Inkstone
    Apr
    05
    2018
    Apr
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    2018
    Wife of missing Chinese lawyer marches for answers
    Wife of missing Chinese lawyer marches for answers
    POLITICS

    Wife of missing Chinese lawyer marches for answers

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    by
    Xinyan Yu
    Xinyan Yu
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    In a gloomy storm of hail, Li Wenzu set out on a 75-mile march from Beijing on Wednesday.

    She is demanding answers.

    Her destination is the neighboring city of Tianjin, where she believes that authorities are holding her husband, Wang Quanzhang. 

    Wang has been missing for 1,000 days.

    Wang Quanzhang, Li Wenzu and their son Wang Guangwei.
    Wang Quanzhang, Li Wenzu and their son Wang Guangwei. Photo: Li Wenzu
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    He is one of the more than 200 human rights lawyers and activists who were arrested by the Chinese authorities in a crackdown on rights lawyers in 2015.

    Many of them have now been sentenced or released on bail on charges such as “subverting the state.”

    Wang is the only one of those arrested in 2015 who remains incommunicado. He appears to have been detained without trial or access to lawyers of his own choosing.

    Group 5
    Angry, worried, heartbroken – not one word can describe my feelings now. We don’t know if he’s alive or dead 
    -
    Li Wenzu

    “We have tried every legal method possible to find out what’s going on with him, but all of our efforts were to no avail,” Li told Inkstone. 

    She has a five-year-old son with Wang.

    “Angry, worried, heartbroken – not one word can describe my feelings now,” Li said. “We don’t know if he’s alive or dead.”

    She’s heading for the Tianjin No. 2 Intermediate People’s Court to appeal for answers.

    It’s a 10-day trek in 48-degree weather.

    What happened to Wang Quanzhang?

    William Nee, a researcher on China at Amnesty International, told Inkstone there’s no reliable information about what is happening to Wang Quanzhang.

    “He’s probably holding out and saying he’s innocent,” Nee said. “The other possibility, although less likely, is that he’s been tortured severely and he looks so different they don’t want to present him yet.”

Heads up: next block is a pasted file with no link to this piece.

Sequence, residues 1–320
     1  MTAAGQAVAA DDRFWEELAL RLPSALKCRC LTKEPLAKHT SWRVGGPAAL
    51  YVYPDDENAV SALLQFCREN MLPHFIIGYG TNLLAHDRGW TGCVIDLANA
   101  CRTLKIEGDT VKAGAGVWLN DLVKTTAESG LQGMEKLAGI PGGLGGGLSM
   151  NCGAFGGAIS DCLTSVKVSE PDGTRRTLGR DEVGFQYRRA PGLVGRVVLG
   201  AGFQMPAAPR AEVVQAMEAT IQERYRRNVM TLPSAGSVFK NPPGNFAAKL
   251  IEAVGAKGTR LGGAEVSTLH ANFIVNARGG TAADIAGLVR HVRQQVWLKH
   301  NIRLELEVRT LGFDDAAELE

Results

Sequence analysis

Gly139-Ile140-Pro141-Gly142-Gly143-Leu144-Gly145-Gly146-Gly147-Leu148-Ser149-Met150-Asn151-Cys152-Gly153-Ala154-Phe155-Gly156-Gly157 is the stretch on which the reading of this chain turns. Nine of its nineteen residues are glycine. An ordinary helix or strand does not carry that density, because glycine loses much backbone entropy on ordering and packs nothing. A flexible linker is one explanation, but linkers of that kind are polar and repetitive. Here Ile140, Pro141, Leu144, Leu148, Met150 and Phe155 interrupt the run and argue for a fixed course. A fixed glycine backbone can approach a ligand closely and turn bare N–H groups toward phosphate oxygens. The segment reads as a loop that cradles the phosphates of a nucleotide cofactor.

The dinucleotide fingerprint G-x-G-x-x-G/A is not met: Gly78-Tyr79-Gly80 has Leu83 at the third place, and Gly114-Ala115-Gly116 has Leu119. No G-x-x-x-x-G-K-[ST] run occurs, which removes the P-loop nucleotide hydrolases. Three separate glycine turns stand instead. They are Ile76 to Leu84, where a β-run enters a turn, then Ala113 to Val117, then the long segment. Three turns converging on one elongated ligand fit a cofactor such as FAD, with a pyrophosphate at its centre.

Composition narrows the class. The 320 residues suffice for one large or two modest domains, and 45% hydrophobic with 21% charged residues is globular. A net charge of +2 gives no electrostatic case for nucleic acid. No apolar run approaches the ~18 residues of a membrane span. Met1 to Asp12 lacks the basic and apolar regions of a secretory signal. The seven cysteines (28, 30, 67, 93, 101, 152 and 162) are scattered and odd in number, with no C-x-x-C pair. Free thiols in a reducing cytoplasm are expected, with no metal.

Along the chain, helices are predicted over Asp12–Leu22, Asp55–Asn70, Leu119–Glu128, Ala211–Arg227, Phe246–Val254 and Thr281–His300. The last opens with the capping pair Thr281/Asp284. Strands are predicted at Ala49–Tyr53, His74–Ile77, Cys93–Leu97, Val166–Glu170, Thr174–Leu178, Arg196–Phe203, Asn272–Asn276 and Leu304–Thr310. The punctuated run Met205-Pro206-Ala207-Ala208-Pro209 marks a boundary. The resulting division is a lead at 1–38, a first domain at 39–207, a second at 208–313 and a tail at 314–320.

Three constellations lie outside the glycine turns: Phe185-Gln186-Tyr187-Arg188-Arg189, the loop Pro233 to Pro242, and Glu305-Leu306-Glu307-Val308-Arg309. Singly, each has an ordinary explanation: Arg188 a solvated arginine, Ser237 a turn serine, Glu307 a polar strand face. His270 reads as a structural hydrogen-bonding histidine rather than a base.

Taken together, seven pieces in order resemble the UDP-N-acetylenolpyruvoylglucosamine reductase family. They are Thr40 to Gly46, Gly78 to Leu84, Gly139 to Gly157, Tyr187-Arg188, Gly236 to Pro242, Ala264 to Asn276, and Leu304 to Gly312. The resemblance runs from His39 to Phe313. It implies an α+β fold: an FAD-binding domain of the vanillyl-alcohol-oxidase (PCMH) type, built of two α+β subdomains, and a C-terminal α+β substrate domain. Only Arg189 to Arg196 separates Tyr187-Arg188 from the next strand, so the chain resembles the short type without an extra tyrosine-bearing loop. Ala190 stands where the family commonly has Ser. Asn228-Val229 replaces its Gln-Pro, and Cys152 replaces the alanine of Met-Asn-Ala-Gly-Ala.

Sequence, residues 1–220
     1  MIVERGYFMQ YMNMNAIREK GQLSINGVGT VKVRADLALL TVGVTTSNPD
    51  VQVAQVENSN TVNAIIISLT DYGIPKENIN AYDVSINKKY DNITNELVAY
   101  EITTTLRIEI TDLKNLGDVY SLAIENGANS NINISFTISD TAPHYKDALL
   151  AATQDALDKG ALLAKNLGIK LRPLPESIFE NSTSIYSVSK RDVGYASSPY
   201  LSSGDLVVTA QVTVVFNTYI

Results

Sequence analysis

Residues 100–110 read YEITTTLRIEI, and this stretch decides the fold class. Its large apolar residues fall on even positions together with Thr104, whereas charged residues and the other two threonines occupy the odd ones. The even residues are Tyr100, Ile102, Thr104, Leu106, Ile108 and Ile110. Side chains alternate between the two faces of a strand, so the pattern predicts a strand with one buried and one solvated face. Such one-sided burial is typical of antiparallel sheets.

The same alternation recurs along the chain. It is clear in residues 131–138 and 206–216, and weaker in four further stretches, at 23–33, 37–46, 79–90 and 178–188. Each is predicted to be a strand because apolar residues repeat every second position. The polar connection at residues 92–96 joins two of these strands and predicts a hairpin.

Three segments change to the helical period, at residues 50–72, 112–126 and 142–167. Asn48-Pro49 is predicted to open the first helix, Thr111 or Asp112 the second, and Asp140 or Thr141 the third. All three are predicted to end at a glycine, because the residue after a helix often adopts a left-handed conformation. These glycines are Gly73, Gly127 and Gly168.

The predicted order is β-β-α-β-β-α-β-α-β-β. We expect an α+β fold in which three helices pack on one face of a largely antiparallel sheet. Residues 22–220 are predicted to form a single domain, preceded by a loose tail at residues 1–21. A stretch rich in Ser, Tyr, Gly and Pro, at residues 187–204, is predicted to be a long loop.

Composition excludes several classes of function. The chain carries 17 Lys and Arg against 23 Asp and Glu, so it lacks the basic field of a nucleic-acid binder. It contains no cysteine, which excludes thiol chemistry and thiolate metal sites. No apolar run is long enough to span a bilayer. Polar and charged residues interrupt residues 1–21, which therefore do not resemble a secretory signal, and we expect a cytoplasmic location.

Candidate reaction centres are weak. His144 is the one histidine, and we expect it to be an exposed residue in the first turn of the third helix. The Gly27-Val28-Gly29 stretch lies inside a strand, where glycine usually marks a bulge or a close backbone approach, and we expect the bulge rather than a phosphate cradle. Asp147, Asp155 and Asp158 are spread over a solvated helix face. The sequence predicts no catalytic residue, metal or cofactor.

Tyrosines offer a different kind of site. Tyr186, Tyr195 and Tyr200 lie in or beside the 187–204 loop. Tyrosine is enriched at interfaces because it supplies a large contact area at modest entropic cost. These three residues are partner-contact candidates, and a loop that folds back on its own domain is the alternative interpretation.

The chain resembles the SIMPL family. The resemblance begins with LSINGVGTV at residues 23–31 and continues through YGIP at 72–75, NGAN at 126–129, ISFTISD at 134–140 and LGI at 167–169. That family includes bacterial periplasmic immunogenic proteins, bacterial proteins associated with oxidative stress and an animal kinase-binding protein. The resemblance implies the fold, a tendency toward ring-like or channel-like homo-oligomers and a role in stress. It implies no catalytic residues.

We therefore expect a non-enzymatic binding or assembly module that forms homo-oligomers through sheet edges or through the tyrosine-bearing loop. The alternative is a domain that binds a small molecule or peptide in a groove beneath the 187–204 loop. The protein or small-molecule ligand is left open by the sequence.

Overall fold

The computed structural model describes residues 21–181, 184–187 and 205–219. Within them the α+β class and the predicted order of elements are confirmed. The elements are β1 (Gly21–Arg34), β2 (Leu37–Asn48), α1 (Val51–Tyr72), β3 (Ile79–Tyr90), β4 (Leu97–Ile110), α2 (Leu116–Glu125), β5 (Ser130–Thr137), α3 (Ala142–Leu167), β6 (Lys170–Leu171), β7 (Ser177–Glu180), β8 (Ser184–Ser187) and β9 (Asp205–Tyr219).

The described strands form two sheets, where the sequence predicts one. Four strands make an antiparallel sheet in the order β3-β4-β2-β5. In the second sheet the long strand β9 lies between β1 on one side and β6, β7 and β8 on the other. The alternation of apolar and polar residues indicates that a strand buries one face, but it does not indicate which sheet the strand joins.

Last year Li Heping, another human rights lawyer arrested in the 2015 crackdown, was released after spending two years in jail.

    His wife Wang Qiaoling told the BBC that Li had been handcuffed and shackled at all times for an entire month, so he could only stoop – even while trying to sleep.

    Li Wenzu and her son.
    Li Wenzu and her son. Photo: Li Wenzu

    Li Wenzu is worried that her husband is receiving the same treatment, or worse. She suggests that he hasn’t been released like the others because he’s refusing to show remorse, even after 1,000 days in detention.

    “He’s very persistent and stubborn,” said Li. “He did his job as a lawyer and he will never think of himself as someone who’s broken the law.”

    “Not once in 1,000 days," she emphasized. 

    Subverting the state

    Wang Quanzhang was arrested in 2015 on charges of “subverting the state.”

    Several other lawyers, including the founder of Beijing Fengrui, Wang’s law firm, were also detained.

    The founder, Zhou Shifeng, was later sentenced to seven years in prison on the same charge.

    Group 5
    It speaks a lot to the ‘rule of law’ under President Xi Jinping
    -
    William Nee, Amnesty International

    Beijing Fengrui was known for defending human rights activists and representing underdogs in sensitive political cases.

    The Chinese authorities, however, describe the firm as a “well-organized criminal group” who make “meticulous plans to sensationalize more than 40 sensitive cases, causing severe public disorder”.

    Public confession

    Since the crackdown in 2015, many lawyers and activists have made public confessions during the course of their imprisonment.

    Many believe they did so in exchange for more lenient sentencing.

    Activist Zhai Yanmin in a televised trial.
    Activist Zhai Yanmin in a televised trial. Photo: CCTV

    In a publicly televised trial in 2016 Zhai Yanmin, an activist who’s worked for Beijing Fengrui, admitted to sensationalizing sensitive cases by paying for and organizing protesters.

    Zhai also confessed that human rights lawyers raised money online or from overseas to pay these protesters. He was sentenced to three years in prison.

    “The Chinese government puts a huge emphasis on ensuring that people confess and that the trials go according to plan in a scripted manner,” Amnesty International’s Nee said.

    “It speaks a lot to the ‘rule of law’ under President Xi Jinping,” Nee added. “It’s more about manifesting the Party’s power.”

    Li Wenzu on her 10-day trek to Tianjin.
    Li Wenzu on her 10-day trek to Tianjin. Photo: Twitter

    Wang Quanzhang’s wife Li Wenzu is determined to challenge that power with her 10-day march to Tianjin.

    It’s unclear whether she’ll get the answers she needs, though.

    After all – 1,000 days later, there’s no official record of a Wang Quanzhang in any Chinese prison.

    XINYAN YU
    XINYAN YU
    Xinyan is a senior multimedia producer at Inkstone based in Beijing. Previously, she was a producer at BBC News.

    XINYAN YU
    XINYAN YU
    Xinyan is a senior multimedia producer at Inkstone based in Beijing. Previously, she was a producer at BBC News.

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